Many of those interested in glitch aesthetics are familiar with the act of circuit bending - while running an electronic device (such as an old games console), apply contact to the circuitry to affect the data output (which could be audio or visual).
This has usually been experimented with old 8-bit / 16-bit gaming consoles such as the NES and the Sega Megadrive / Genesis, but up to this point it is hard to think of an example with the following generations of gaming hardware which were designed for 3D graphics. Due to the limitations of the earlier machines, the output was with 2D graphics and unsophisticated sound.
Had no plans of getting in to the gaming mods. I figured it was a pretty well charted and explored field. It wasn’t until I found my beloved model one Sega Saturn in grannie’s attic that I thought, “my old friend, i wonder what secrets you keep.” A little internet research (not the end all be all, I know) led me to realize that there isn’t much next generation gaming bends being explored out there. If there is then people aren’t posting it. Even the Playstation, seen in Goodwill stacks the world over, seems to have eluded the recent wave of electronic curiosity.
Upon opening the Saturn I found out why. It’s a very complex machine with very tiny components. One would need tweezers and a microscope to get anywhere with this thing (sound familiar? hehe). That’s the problem with modern circuitry, it’s all so goddamn mini. Mini, yes, but I would argue that it’s mythic there has been an increase in stability. Electronics that generate graphics will freak the f**k out if you hit ‘em just right regardless of whether they are from 2011 or 1991.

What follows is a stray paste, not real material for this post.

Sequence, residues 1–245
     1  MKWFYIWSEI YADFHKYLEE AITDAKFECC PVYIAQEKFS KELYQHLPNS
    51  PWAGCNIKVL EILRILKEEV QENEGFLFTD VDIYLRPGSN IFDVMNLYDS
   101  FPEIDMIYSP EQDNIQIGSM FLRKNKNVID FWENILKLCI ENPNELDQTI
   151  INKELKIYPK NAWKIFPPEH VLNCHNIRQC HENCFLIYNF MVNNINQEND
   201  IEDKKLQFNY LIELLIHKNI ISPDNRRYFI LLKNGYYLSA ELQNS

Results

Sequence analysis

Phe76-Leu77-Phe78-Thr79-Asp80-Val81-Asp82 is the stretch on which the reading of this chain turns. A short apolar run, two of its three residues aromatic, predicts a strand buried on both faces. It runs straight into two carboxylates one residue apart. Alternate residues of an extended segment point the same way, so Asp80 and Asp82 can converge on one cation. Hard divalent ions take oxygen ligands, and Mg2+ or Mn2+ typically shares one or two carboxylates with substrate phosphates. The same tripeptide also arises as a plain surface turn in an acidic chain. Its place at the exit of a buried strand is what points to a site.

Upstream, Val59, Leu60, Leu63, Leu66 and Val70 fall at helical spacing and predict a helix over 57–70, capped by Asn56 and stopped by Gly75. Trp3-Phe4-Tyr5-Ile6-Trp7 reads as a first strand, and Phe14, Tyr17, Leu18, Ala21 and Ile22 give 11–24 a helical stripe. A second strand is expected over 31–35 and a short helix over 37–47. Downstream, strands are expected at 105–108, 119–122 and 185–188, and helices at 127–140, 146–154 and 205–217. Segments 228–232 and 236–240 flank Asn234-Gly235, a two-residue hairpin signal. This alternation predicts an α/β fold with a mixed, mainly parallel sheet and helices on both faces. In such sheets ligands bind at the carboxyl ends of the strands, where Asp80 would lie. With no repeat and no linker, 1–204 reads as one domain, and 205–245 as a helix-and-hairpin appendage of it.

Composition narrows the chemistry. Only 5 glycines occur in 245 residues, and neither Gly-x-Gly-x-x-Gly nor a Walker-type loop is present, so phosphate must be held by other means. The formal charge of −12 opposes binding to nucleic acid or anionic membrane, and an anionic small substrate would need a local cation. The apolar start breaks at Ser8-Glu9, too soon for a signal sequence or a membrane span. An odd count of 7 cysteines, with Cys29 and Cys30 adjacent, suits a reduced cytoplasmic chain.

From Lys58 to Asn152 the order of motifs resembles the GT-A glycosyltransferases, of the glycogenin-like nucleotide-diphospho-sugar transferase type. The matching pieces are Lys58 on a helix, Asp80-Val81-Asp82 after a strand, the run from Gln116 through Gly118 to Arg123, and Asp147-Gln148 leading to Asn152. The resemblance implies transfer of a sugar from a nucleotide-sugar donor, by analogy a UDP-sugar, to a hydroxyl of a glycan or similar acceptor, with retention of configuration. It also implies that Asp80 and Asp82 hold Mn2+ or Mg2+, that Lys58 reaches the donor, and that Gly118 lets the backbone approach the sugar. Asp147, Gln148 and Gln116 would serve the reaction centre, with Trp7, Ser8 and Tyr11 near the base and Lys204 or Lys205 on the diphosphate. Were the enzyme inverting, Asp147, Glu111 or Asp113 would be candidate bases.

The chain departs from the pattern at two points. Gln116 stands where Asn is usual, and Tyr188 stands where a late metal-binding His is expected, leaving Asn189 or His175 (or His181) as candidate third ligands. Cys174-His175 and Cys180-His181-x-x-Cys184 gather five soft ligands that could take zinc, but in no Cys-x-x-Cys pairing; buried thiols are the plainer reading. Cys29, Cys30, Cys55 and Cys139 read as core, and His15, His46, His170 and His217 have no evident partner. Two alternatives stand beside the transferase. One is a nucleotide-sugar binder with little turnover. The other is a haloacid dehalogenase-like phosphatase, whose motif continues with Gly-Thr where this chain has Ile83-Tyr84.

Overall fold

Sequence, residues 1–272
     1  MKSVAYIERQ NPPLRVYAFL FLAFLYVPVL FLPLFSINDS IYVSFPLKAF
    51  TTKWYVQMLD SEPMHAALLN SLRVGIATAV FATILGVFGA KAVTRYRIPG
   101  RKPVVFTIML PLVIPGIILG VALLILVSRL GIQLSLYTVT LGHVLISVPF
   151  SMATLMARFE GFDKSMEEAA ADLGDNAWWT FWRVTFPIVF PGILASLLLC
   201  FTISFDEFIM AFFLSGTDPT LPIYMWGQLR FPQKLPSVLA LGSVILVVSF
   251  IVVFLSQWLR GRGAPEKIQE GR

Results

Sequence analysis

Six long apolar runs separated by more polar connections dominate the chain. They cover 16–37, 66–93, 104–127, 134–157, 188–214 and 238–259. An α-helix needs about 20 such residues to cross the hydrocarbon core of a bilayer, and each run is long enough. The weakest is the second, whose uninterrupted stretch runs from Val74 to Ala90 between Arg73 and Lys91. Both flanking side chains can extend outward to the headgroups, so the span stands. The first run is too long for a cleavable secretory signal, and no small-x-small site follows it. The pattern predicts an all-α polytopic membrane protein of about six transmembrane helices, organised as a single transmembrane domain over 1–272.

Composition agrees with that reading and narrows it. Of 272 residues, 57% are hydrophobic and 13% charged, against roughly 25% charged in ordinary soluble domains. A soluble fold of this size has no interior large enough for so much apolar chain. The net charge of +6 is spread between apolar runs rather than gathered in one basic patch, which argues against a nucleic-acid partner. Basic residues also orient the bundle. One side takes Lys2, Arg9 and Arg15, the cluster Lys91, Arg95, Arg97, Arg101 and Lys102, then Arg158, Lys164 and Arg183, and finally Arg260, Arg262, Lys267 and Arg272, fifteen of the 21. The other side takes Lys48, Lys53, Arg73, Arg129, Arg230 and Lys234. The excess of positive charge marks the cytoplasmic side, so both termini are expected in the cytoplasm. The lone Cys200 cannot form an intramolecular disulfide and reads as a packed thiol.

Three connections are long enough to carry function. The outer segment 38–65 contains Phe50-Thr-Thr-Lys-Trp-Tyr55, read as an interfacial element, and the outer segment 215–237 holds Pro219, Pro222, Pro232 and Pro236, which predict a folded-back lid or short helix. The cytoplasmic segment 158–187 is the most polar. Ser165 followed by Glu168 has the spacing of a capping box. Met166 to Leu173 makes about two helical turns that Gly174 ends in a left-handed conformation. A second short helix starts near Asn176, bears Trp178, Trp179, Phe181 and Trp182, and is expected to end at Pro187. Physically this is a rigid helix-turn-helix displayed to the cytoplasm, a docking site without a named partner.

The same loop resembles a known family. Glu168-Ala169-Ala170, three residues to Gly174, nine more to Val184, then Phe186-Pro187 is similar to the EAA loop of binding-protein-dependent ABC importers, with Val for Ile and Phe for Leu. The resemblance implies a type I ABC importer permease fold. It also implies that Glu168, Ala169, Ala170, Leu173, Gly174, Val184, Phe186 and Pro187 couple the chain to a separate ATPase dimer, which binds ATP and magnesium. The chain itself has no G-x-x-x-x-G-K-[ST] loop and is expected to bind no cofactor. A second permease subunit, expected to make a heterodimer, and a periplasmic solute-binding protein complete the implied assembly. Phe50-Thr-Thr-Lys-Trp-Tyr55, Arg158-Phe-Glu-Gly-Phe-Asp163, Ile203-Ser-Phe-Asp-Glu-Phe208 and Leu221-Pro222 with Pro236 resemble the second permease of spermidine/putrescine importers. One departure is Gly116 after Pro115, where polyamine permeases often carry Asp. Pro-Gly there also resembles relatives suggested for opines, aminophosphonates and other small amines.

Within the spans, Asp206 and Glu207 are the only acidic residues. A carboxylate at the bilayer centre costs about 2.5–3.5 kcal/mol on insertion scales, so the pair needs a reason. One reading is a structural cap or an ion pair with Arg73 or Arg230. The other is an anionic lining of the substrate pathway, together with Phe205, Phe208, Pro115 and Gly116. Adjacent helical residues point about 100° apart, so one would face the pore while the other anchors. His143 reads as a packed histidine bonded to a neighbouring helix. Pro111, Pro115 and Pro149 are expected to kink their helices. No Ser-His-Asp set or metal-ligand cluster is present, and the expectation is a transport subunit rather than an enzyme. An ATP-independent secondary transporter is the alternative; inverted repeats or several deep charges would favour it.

There are some great audio and video examples - here is my favourite, a glitchy Virtua Fighters example with crazy Ganz Graf-like reactive and unpredicatble polygons:
Also, here is another which is like a crazy polygon collage:
Sci-Fi-O-Rama takes a look at the aesthetics of 3D 8 and 16 bit games of yesteryear:
Sci-Fi-O-Rama presents an analysis and artistic appreciation of five pioneering 8-bit and 16-bit computer games.
The era is the mid to late 80′s, a period fabulously rich in gaming concepts and innovation as developers frantically sought to grasp, harness and subsequently wring every last nanogram of creativity from the available platforms of the day. Each title here contained – for the time – an array of groundbreaking ideas and technologies. What else connects them? well of course I played them way back when and thus they are in some way or another forever burned into the hazy mists of my subconscious.
I’ve been mulling over this one for a while but wasn’t sure quite how to start, hence the recent posting log jam. I wanted to compose an extended retro game feature, but not just to give a rose tinted review of gameplay or mechanics. Here then is a more focused look at the visuals themselves, what fascinated back then and what us still so beautiful and relevant today, 2012.
Glitchr, the Facebook page that exploits bugs and errors within Facebook to create glitch aesthetics, demonstrates how it is possible to have small animated GIF files played within a post. Facebook doesn’t support the GIF format, so it is interesting to see it appear.
The file has to be incredibly small (38 kb, 130 x 98 pixels), and relabeled as an .mp3 file.
Online GIF Art site bubblebyte.org presents a collection of animations which looks at the aesthetics of interface interactions, here with Google Sketchup:
Instructors, the artist’s first solo show at bubblebyte.org, follows the research on imperceptible variations and takes the form of an on-line series of semi-autonomous 3D animations created exclusively for bubblebyte.org. The series adds to the artist’s personal web diagrams collection and functions as an extension of his site-specific and gallery work.